You touted teacher salary levels and their rise in rank: Iowa has been pretty stuck in the middle on that one, popping back and forth between 25th and 26th before finally bumping up to 23rd in 2015/16. Even in the tough budget year 2009/10 we still managed to rank 26th.
You shared about our rank for state expenditures per pupil: Our 2015/16 ranking there is 27th, up from 28th in 2014/15 and you’re right, we were at 35 when Republicans gained the majority in the House. And the year after that. And the year after that. And 34th the year after that. It took five years to see any significant change in our rankings on spending.
The fact that we moved that much on expenditures per pupil while not actually raising the amount we spend by any large percentage shows us the danger with relying on rankings for assessments. As with our rank change on teacher salaries, we don’t know if Iowa moved up in the rankings because we did so much better or if it was because the states around us moved down in ranking. It is most likely a combination of both causes but without seeing all the data, we’re seeing the big picture, not the whole story. Rankings alone don’t really tell us much.
Yes, graduation rates rose again, making us the first state in the nation above the 90% level, but at the same time the number of students planning on pursuing any type of post secondary education or training is trending downward.
You pointed out that schools are providing proof of tackling difficult problems. I absolutely agree. You say you own that. With that I simply cannot agree. The continued success of Iowa’s schools in spite of being chronically under-funded, expected to do more with less, and struggling to follow all state mandates, even those that are un-funded, is due solely to the passion, dedication, and sacrifice made by Iowa’s education professionals. NOT Iowa’s politicians. Finding a way to make it work, pushing to do what’s best for their students, even with limited resources and in less than ideal learning environments is what they do every day. That does not vindicate the lack of support and proper funding that has gone on for too many years. Instead I think that tells us that if given proper resources, Iowa could do even more amazing things in our schools. (And perhaps begin the process of once again being known as the education state.)
For years we’ve heard that money is tight. We’ve heard that we should think of the state’s budget like a household budget. And we’ve heard how our need to be cautious is the fault of Governor Culver and the state’s 2009 across the board cuts. Representative Rogers, I’ll tell you what I’ve taught my children. When you first identify the root cause of a problem, I’ll let you pass responsibility to that cause, but if years go by and you have done nothing to correct that problem? Then the responsibility is yours alone.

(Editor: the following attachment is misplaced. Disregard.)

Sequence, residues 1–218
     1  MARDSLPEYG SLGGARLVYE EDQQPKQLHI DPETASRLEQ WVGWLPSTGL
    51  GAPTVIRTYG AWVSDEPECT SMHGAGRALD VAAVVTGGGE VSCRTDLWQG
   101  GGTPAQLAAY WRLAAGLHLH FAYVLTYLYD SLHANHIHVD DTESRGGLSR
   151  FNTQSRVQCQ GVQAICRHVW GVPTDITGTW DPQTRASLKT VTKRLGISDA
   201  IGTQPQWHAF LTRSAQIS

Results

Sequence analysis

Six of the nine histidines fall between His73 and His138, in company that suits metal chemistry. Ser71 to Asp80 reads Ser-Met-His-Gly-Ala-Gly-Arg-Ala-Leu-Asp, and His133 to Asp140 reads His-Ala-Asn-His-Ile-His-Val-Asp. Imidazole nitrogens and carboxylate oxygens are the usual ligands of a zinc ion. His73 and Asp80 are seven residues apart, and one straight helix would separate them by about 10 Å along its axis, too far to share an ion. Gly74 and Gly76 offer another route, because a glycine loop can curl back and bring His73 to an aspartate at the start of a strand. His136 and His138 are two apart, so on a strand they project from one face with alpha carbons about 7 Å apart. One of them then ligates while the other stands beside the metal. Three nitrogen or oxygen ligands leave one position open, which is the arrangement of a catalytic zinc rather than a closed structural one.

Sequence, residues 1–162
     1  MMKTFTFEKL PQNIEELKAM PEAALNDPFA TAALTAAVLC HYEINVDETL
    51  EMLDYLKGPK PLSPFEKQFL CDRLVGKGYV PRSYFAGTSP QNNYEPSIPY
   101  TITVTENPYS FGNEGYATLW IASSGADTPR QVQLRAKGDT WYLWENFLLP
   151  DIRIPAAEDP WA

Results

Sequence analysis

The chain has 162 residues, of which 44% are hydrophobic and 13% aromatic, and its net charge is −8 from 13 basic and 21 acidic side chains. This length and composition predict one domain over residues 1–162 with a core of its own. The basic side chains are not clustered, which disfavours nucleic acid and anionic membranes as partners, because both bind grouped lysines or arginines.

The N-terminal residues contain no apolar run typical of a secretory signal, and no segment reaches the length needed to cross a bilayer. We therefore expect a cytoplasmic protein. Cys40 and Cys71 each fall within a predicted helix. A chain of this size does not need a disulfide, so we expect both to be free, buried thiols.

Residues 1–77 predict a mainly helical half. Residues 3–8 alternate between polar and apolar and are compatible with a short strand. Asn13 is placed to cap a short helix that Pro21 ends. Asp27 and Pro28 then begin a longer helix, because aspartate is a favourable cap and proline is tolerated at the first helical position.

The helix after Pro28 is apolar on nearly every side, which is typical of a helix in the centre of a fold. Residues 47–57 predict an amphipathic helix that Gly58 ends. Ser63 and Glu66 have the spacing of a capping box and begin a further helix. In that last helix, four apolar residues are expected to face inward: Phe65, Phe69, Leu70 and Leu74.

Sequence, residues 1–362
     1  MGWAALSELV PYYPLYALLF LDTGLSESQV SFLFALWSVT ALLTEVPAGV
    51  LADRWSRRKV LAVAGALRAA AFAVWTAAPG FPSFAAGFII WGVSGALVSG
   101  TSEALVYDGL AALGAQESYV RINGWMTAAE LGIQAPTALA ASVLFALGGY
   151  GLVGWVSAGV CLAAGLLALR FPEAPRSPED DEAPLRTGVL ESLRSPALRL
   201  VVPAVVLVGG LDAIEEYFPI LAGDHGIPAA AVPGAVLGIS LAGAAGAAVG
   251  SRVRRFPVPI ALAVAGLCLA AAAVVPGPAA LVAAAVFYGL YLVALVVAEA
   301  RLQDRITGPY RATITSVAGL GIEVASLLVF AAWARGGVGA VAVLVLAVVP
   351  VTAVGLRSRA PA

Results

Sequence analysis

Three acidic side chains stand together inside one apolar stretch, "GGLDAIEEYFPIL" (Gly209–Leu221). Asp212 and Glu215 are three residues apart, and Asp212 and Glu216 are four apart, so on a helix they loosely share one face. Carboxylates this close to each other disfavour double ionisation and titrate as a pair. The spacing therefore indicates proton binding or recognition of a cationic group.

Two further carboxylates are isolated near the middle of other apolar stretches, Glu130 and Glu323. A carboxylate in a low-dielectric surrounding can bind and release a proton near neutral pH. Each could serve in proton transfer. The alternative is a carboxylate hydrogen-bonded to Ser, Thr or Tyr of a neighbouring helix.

As for thinking like a household budget, while I disagree that a state’s budget can be that simplistic I will, for the sake of discussion, make that comparison. In our household, like many, we look at our budget from two angles. First, for the immediate budgeting, we look at what we have as income and budget our expenses to not exceed that amount. Second, for more long term budgeting, we look at what our actual needs are, and if that exceeds our current income, then we start looking for ways to increase our income so that those budget needs can be met. This is especially true if the need is something for our children. Like many parents, we are willing to make sacrifices and do a little extra work if it means we can provide things our children need. We need you as legislators to do the same.
For years public schools have been demonized as greedy, money hungry, wasting state taxpayer dollars on bad teachers that expect to be paid exorbitant amounts. I’ve heard your party admonish them to “do better” at controlling costs and learn to do more with less. I guarantee you, Representative Rogers, that not a single district telling you they need more funding is asking for that money for frivolous things. They aren’t asking for extra. At this point they aren’t even asking for “sufficient”. What they are asking for, is “enough” money. Just what is necessary to hire the number of teachers they need to actually offer all the classes their students should be taking, to properly equip lab spaces so kids can do more hands on learning and less watching other people do experiments in videos, and more textbooks, so students have up to date information in books they don’t have to share with their neighbor and can take home with them to study.
I didn’t get a chance to ask my questions at our most recent forum.I hope you’ll be able to answer these for us, so all of your constituents know where you stand on these education issues.
- What specific funding regulations are being looked at for change? Which rules will be made more flexible to free up existing funding for our public schools and how soon can we expect these changes to be implemented?
(Not just “big picture” economic development ideas. Specifics.)
3. In many of your speeches and legislative updates we’ve heard you mention that you
support teachers and you care about education. What I have not personally heard from
you is that you support PUBLIC education or PUBLIC school teachers. Will you go on
record in expressing your support for public schools and teachers in Iowa?
I grew up in Iowa at a time when we were well known and celebrated for our excellence in education. I am proud to be a graduate of Iowa’s public schools. I want my children to be able to say the same. Our public schools do the best they can every day to meet the diverse needs of each of their students with the limited resources we’ve provided them. They do this by looking at the whole story. The whole story of each of their buildings, grade levels, classes, and students.
Not just the big picture.
And not just the bottom line.
Data source: Iowa Department of Education, Annual Condition of Education reports